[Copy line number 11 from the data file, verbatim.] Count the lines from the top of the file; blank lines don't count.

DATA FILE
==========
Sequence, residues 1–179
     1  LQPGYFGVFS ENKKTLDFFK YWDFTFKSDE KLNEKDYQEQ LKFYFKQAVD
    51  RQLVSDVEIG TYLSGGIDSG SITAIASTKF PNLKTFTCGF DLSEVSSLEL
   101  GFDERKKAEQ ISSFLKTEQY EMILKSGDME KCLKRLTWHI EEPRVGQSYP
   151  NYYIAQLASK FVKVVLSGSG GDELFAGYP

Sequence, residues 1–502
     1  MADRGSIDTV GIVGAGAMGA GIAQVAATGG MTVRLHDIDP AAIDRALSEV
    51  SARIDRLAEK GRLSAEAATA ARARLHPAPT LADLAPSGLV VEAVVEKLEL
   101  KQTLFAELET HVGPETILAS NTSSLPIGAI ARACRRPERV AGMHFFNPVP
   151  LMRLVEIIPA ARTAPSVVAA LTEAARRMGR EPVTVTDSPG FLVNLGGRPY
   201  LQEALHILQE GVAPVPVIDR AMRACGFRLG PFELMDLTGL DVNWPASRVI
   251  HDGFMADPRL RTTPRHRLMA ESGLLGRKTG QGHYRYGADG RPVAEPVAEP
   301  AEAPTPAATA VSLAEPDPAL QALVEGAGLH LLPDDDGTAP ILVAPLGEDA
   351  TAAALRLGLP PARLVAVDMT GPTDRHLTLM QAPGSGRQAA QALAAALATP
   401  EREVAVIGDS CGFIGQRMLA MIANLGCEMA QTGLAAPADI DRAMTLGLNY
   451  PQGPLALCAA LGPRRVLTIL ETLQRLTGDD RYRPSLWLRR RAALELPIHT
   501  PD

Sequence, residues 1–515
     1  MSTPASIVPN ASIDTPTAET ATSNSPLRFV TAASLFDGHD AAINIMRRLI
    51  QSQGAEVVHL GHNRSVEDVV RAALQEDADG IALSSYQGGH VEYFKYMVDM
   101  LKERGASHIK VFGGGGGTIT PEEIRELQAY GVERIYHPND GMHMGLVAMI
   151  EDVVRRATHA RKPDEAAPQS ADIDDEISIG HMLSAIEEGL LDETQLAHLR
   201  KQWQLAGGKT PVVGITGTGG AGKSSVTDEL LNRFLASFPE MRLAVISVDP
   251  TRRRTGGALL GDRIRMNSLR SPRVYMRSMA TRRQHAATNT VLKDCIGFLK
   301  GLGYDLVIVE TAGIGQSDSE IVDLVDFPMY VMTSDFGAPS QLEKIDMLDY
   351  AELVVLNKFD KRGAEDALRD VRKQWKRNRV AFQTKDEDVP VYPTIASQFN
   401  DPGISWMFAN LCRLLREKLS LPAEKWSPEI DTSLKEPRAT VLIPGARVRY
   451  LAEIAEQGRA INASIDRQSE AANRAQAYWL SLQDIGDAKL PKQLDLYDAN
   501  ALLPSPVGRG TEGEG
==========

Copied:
   201  LQEALHILQE GVAPVPVIDR AMRACGFRLG PFELMDLTGL DVNWPASRVI